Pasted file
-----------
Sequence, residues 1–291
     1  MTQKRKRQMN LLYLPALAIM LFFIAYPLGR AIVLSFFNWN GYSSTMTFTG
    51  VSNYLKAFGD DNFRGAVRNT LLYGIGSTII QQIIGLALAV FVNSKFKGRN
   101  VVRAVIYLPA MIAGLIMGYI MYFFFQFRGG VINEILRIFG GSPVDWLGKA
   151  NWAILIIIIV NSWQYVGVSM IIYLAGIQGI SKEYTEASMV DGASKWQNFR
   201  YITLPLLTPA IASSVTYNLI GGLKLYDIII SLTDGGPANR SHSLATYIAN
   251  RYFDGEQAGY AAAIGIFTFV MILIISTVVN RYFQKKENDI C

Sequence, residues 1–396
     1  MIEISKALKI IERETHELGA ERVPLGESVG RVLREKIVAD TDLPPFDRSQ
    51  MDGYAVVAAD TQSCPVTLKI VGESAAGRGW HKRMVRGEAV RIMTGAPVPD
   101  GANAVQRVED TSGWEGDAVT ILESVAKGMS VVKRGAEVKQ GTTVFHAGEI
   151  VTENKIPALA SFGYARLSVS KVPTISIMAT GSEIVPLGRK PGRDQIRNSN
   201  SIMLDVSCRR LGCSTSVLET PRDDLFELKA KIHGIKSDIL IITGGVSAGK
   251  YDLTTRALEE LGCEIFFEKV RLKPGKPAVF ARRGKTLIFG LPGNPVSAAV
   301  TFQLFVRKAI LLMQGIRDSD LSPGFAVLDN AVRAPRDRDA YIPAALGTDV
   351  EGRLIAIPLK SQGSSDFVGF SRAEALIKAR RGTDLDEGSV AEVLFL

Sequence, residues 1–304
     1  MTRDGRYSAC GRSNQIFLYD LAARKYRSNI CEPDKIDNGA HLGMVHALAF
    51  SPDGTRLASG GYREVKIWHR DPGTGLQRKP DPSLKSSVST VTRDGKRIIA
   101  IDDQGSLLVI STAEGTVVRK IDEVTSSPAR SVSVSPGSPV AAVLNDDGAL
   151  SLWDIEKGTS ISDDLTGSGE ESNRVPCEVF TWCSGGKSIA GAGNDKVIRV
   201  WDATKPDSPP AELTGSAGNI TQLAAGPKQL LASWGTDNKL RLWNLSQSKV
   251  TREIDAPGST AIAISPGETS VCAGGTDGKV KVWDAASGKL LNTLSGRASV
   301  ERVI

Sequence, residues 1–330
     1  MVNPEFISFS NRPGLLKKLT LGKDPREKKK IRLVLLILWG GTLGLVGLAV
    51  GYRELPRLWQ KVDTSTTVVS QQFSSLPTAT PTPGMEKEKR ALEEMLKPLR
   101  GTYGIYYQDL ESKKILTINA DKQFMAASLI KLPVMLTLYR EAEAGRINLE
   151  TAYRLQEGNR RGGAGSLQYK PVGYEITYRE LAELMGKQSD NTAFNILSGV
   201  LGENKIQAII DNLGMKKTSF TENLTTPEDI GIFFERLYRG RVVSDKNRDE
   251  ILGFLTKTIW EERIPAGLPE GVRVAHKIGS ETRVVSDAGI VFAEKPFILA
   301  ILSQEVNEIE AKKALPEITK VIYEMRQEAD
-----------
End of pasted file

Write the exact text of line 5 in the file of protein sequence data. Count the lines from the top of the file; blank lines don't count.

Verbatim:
   151  NWAILIIIIV NSWQYVGVSM IIYLAGIQGI SKEYTEASMV DGASKWQNFR